The worrying findings from the accountancy regulator in its report Audit Committee Chairs’ views on, and approach to, audit quality published in January come at a time of intense scrutiny on the audit profession following a series of corporate collapses including retailer BHS and outsourcing company Carillion, and ongoing criticism of the audit industry by politicians and regulators.
In terms of reporting audit quality, audit committee chairs (ACCs) told the FRC that work on quality was “difficult to articulate in a report as it is often intangible and subjective”. A few ACCs described their approach to reporting on quality as “boilerplate, limited and brief”.
Katharine Bagshaw, Senior Manager, Auditing Standards, Audit and Assurance at ICAEW, said: “The FRC research shows there’s scope for more focus on AQIs among all stakeholders. The use of AQIs is a developing area and high-quality AQIs are as important to the firms themselves as they are to ACC chairs, regulators and investors.”
Audit Quality Indicators (AQIs) – quantitative and qualitative measures of external audit quality – indicate the firm’s historical, present or future ability to perform quality audits, as well as providing insights into audit quality.
Reiterating the findings of its 2020 research, the FRC report said most ACCs had an awareness of AQIs, but they did not mention using these regularly, compared to other criteria and reports such as transparency reports.
The FRC recommends audit committees make use of AQIs when appointing their auditor, and to assess quality on an ongoing basis. However, the research revealed that Audit Quality Reviews and transparency reports were not used by more than a small proportion of the sample group.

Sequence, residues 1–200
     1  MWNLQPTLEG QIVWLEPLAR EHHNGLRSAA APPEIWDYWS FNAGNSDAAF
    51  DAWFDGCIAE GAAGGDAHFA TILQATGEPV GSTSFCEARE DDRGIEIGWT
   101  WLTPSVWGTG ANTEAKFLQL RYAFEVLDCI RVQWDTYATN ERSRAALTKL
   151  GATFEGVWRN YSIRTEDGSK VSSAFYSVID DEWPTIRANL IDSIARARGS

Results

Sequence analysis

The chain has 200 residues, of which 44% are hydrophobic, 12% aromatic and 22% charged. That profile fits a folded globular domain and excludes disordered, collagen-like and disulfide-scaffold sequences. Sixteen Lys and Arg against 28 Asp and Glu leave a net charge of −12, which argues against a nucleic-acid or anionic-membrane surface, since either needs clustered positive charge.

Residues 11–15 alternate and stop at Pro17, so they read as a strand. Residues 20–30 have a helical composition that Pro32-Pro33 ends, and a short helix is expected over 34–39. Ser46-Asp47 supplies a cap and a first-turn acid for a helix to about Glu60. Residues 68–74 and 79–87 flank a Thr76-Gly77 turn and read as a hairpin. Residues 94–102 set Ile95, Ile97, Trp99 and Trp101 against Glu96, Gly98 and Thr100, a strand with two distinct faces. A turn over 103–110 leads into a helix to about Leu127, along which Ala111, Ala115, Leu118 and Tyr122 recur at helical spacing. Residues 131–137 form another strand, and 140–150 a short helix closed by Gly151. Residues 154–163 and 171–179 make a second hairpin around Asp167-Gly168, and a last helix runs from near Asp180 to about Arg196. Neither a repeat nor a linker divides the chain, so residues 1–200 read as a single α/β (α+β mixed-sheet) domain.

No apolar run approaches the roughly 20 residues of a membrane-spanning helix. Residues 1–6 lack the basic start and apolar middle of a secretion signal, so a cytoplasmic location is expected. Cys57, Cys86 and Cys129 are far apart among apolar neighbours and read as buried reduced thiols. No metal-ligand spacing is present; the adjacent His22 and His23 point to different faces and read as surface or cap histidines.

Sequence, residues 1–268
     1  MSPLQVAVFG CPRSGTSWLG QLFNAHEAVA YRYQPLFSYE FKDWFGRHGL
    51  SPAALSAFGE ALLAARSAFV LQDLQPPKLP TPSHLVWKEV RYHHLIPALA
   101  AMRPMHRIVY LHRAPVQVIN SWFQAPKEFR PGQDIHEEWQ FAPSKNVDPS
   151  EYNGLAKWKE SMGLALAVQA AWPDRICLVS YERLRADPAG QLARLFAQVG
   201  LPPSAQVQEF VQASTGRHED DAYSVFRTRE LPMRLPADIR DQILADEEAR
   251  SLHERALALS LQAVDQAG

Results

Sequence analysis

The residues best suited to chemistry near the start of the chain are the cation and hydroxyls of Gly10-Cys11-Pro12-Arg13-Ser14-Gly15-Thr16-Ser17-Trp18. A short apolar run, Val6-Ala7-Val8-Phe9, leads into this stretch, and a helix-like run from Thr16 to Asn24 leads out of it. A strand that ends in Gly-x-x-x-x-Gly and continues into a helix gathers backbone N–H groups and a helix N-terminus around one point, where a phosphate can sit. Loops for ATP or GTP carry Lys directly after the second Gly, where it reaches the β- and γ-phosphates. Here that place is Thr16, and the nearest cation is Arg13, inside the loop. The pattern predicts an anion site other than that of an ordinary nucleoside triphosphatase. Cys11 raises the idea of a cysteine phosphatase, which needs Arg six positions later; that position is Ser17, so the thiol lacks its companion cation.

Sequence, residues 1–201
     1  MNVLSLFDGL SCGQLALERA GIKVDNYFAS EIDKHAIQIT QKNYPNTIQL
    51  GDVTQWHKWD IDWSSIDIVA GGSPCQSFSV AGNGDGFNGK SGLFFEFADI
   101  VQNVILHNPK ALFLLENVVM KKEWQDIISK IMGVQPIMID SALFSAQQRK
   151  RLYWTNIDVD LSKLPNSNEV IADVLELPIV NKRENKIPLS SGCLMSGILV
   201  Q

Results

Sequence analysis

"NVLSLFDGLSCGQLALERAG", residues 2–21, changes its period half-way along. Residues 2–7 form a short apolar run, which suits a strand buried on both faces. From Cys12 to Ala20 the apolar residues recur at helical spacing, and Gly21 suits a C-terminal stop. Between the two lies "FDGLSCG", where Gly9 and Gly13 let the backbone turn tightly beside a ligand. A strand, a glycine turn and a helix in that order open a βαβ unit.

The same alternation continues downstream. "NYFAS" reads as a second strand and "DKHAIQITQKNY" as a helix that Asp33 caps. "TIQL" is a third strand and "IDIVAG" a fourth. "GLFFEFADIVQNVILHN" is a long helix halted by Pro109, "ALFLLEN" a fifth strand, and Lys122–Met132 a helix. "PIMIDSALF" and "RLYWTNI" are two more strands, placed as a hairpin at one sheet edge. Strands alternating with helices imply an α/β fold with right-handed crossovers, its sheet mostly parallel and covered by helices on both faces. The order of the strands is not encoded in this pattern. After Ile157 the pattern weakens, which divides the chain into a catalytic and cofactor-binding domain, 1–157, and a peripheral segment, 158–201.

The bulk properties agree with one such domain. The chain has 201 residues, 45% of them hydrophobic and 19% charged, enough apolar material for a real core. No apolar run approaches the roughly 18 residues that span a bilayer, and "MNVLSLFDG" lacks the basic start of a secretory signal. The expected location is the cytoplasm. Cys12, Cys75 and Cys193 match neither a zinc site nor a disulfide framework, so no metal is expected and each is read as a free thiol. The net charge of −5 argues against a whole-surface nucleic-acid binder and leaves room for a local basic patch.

In terms of auditor selection, the FRC findings showed that ACCs were increasingly focused on the added value an audit firm can bring to the business “over and above financial statement assurance”, which could raise further questions about auditor independence.
“Firms that can convey their ability to add value beyond the audit itself are, in many cases, deemed more likely to be appointed than those who solely pitch their auditing credentials,” the report said.
ACCs bemoaned the rise in rules and regulations, saying this has made audits more complex, expensive, and more of a box-ticking exercise than one of judgement. “Overall, the audit process is felt to need a degree of subjectivity, flexibility and judgement,” ACCs told researchers.
Most ACCs said they were “pleasantly surprised by the response from auditors” during the pandemic regarding technological advancements and new processes. But they missed informal interactions because “face-to-face ad hoc conversations often allow for a more transparent and proactive communication style”.
One unnamed FTSE 100 ACC quoted in the FRC report said: “The quality of debate has been impaired significantly. Boards are getting through agendas and having discussions but they’re not having engaged debate, which is incredibly difficult over Zoom.”
Mark Babington, FRC’s Executive Director of Regulatory Standards, said: “It is vital that audits of public interest entities are conducted to a high standard and Audit Committees and their chairs have a key role to play in ensuring this happens.”
Although Babington said the research confirmed that most ACCs understood the importance of high-quality audits, “some ACCs commented that it can be a challenge to differentiate audit quality from the quality of service provided by the auditor”.
The FRC commissioned YouGov to conduct 50 one-to-one interviews with ACCs to further its understanding of ACCs’ views on audit quality and service
The FRC is set to be replaced by independent regulator the Audit, Reporting and Governance Authority (Arga), but it is not likely to be ready until 2023. This would mean that some changes to audit and corporate governance rules would be delayed until 2024.
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